On Tuesday, November 5, the Fischer Saints had a great opportunity to share in some San Jose spirit by attending the San Jose Sharks game. Even though I’ve lived in the Bay Area my whole life, I’ve never had the chance to see a Sharks game so it was special for me to share my first experience with my students.

Students began arriving around 7pm to get ready for the game, and we quickly funneled inside to grab our seats.  Armed with some delicious game food and excitement, we arrived just in time to see the puck dropped for the first period.

View from the City Year seats.

View from the City Year seats.

Throughout the game, students watched intently as the puck flew across the ice and cheered loudly whenever the Sharks scored. When the Sharks made their second goal of the game, students erupted in cheers and high-fived other members in the crowd, really showing how much spirit our Fischer Saints have! As we left the game, the students talked about how much they enjoyed the game and how they couldn’t wait to go to another one. We all had an amazing time and walked away even bigger Sharks fans! A huge thank you to the San Jose Sharks Foundation for this amazing opportunity.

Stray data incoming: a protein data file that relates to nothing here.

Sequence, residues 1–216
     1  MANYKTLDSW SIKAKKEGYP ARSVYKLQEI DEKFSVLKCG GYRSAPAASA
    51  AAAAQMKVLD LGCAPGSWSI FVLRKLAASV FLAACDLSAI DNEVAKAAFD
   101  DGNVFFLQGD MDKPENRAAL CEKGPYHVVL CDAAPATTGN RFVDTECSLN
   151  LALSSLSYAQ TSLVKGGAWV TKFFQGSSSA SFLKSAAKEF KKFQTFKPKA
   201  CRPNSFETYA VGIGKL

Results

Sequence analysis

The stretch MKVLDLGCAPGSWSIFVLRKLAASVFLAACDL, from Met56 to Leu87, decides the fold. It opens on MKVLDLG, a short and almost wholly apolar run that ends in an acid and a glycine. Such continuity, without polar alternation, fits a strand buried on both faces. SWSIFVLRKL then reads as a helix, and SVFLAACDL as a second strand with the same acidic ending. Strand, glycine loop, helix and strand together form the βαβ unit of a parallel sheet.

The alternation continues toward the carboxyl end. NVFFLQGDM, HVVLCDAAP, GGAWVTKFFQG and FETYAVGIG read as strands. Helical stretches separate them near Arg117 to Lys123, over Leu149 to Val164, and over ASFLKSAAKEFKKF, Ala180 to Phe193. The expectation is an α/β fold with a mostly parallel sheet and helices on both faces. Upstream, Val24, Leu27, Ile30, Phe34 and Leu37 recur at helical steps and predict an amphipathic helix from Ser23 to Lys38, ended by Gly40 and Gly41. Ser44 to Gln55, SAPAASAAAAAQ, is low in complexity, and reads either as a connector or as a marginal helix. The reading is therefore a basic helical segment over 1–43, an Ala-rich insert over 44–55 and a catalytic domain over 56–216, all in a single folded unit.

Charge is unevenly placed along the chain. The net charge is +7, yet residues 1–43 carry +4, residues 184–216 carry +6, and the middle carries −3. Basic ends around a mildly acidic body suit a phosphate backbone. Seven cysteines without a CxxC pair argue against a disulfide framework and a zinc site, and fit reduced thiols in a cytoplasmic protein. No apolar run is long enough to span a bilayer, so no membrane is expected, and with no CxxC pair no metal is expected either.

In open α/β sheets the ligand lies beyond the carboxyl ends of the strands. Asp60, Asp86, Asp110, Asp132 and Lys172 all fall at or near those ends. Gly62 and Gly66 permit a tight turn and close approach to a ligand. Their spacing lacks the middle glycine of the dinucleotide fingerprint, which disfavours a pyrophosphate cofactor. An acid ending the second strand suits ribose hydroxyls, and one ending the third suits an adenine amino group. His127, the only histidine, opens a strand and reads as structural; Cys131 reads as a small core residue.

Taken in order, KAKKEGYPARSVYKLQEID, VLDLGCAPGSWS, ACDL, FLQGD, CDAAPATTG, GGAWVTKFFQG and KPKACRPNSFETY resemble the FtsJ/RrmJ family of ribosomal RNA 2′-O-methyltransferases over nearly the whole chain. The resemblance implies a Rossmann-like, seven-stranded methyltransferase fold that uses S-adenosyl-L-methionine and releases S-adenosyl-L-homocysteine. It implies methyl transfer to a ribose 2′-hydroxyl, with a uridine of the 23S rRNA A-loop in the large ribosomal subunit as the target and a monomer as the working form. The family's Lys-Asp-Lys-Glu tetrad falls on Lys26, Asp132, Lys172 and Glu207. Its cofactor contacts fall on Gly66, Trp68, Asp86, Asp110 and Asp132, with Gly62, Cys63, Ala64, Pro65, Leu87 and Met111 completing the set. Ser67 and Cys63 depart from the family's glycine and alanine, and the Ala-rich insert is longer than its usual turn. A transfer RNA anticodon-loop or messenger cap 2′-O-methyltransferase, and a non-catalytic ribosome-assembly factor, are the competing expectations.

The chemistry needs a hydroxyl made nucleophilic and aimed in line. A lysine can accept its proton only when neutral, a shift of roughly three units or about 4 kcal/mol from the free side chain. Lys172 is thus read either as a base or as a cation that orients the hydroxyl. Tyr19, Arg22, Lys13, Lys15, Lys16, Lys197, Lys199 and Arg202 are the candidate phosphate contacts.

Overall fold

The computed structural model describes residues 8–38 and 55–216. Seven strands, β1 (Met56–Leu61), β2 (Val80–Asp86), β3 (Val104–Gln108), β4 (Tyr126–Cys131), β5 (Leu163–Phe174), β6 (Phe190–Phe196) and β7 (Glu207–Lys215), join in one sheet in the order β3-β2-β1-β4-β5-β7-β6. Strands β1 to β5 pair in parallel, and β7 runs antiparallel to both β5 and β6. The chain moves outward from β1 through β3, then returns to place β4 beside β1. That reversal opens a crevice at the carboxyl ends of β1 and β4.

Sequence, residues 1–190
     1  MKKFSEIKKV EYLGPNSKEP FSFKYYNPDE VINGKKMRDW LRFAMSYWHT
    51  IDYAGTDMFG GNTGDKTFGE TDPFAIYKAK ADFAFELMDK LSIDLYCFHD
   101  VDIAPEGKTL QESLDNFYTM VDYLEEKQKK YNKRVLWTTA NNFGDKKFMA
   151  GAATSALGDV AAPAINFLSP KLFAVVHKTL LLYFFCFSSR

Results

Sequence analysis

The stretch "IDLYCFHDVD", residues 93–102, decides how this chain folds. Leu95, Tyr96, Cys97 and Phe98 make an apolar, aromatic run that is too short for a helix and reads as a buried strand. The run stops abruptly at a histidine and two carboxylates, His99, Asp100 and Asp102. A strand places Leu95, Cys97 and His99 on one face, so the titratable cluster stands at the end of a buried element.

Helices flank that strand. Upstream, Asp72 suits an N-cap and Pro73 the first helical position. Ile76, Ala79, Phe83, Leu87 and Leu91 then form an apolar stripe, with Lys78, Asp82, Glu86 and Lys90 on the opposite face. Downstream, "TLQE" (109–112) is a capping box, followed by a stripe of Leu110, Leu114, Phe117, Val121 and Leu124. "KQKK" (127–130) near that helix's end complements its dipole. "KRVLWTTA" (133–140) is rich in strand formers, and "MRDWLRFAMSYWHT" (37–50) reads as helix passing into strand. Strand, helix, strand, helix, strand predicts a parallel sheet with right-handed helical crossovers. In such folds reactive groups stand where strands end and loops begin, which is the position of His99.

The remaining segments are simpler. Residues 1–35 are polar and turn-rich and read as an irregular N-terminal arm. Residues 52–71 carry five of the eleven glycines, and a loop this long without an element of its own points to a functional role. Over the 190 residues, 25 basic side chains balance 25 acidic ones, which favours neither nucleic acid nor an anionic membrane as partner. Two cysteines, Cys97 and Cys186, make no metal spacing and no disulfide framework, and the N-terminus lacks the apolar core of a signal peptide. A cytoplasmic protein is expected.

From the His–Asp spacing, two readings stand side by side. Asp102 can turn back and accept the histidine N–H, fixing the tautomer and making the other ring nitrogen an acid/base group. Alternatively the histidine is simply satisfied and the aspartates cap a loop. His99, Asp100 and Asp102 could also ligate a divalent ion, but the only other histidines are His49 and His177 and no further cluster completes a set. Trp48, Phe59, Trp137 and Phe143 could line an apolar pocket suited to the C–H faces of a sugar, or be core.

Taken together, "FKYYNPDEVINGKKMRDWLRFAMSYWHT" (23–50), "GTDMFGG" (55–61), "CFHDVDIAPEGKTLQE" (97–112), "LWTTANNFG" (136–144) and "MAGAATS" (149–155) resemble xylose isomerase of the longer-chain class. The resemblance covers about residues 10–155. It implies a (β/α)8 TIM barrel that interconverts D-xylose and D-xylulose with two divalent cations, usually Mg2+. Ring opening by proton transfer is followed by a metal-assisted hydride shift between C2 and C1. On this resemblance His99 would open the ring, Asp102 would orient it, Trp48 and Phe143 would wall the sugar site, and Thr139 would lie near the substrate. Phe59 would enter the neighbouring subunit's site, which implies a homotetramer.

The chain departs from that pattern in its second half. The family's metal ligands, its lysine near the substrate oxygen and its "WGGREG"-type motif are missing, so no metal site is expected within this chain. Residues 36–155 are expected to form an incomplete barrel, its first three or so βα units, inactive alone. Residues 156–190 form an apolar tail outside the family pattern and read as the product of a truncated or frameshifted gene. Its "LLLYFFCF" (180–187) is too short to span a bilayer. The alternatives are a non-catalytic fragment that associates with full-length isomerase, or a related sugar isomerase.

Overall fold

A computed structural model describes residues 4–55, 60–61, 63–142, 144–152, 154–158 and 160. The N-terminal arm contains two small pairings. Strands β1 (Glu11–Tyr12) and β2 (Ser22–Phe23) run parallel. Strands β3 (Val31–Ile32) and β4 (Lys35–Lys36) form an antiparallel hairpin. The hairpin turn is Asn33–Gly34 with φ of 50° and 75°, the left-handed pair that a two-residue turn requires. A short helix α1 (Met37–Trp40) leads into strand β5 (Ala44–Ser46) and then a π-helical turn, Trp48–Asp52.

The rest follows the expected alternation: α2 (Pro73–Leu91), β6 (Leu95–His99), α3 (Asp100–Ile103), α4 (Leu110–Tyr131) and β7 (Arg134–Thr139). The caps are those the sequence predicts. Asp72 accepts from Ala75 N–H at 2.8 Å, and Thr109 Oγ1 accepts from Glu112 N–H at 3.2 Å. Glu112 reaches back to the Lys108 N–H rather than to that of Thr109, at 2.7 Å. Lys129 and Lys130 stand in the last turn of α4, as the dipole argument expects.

City Year group enjoying the game!

City Year group enjoying the game!

Corps member Kevin Hoang enjoying his first Sharks game!

Corps member Kevin Hoang enjoying his first Sharks game!

Corps member Isabella Fante enjoying the game with her students

Corps member Isabella Fante enjoying the game with her students

Expanding Inclusivity at Lee Mathson Middle School

Written by Ally Sawyer, corps member on the Applied Materials Team at Lee Mathson Middle School

At Lee Mathson Middle School, where I serve, City Year works closely with the school administration to provide a seamless and comprehensive support structure for students. The program this year is different as I’m sure it is different every year. One way this has impacted me personally is that I facilitate a small block of Resource Specialist Program students: students that fall under the special education umbrella and require additional support. Last year, these students were mixed in with their differently leveled peers, which did not benefit them. Currently, they travel together in each of their after-school extended learning blocks, which provides them with scaffolded material and a higher teacher to student ratio, as well as allowing for personalized one-on-one support.

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Mathson Corps Members with Principal Montejano, Vice Principal Leathers, and Siobhan Kenney, Director of Global Community Affairs at Applied Materials, Mathson’s Team Sponsor